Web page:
• Identify what’s most important to you.
  • Eliminate as much as you possibly can of everything else.

So take time to identify the most important projects, people and experiences (5 at most), and then see what activities, tasks and commitments fit in with that list.

3. Say “no” to unnecessary commitments that do not support your priorities.

Once you’ve identified what’s important—your priorities, along with your vision of the “perfect day”—you need to start saying “no” to things that do not support what’s important to you, and that are getting in the way of your perfect day.

The best thing you can say “no” to is an unimportant commitment. Think about it…

Today you say yes to a Facebook party invitation, tomorrow you say yes when a neighbor asks you to help him move some furniture, then you get asked to a quick lunch meeting, then you decide to volunteer at your son’s youth group. One yes at a time, and soon your days are too busy and complicated and you don’t know where you went wrong.

List and evaluate your commitments (professional, personal, civic, etc.), especially the recurring ones, and say no to at least one of them today. It just takes a quick call or a short email, and you’ll instantly feel a weight lifted.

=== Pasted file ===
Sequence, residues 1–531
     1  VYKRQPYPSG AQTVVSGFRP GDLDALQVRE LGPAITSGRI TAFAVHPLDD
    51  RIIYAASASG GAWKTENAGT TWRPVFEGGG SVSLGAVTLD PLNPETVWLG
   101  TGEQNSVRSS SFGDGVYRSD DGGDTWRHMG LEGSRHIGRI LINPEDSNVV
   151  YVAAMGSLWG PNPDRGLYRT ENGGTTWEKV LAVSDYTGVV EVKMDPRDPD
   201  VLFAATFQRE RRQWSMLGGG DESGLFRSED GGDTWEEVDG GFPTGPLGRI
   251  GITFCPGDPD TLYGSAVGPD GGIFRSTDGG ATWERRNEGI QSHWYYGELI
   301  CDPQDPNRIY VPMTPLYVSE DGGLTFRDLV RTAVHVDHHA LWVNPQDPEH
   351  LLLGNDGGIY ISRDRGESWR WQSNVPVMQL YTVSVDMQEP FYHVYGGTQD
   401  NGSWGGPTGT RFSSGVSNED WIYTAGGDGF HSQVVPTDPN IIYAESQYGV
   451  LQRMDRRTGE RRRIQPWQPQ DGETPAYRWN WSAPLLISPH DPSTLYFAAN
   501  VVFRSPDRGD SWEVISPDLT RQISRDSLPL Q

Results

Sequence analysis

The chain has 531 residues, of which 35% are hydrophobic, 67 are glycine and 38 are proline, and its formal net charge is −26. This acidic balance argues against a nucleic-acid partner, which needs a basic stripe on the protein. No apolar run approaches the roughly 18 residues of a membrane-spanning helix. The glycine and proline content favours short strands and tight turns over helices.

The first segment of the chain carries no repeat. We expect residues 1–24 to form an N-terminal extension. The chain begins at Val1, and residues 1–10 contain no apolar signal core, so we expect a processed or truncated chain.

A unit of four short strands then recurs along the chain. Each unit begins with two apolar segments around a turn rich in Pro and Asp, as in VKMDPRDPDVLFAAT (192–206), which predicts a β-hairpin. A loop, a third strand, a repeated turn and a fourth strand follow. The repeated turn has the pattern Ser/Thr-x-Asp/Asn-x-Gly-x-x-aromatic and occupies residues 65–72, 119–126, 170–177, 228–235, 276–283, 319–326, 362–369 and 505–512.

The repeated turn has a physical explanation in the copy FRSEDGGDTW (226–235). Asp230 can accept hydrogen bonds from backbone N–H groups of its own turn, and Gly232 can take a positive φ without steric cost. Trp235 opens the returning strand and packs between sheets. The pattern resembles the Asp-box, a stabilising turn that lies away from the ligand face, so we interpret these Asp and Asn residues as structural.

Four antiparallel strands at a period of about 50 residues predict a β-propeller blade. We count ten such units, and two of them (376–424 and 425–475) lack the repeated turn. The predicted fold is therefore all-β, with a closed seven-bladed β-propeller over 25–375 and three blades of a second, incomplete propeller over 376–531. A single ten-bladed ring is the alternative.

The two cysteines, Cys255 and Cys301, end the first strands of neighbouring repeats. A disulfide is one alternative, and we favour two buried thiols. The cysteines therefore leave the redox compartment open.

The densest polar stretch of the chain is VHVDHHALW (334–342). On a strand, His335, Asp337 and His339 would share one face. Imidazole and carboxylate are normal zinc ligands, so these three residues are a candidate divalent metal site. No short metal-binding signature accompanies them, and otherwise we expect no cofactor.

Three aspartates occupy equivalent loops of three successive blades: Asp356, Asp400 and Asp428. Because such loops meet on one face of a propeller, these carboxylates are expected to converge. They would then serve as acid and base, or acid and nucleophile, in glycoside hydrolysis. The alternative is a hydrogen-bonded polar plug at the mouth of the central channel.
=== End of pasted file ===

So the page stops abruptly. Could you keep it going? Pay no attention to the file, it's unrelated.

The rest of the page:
4. Limit your daily tasks.

Take time every morning to identify 1-3 Most Important Tasks (MITs) for the day, and cut out the rest as much as possible (not counting little, necessary things, like tying your shoes or dropping the kids off at school). Address your other obligations right then and there, and tell the associated people that you really want to help, but your plate is full today. You can’t serve them well, so regretfully you must say “no.”

Once you’re down to a manageable list of tasks (1-3 is ideal, but certainly don’t try to do more than 7), it’s best to give each some allotted time—a few hours for one, and then a few hours for another, etc. Instead of being in a stressful task-switching state of mind, just take your next task, let everything else go, and just be in the moment with this one task for the allotted time.

Do this, and you will notice a difference. Limiting your tasks like this helps you focus and embrace the reality that you’re not going to get everything done in one day.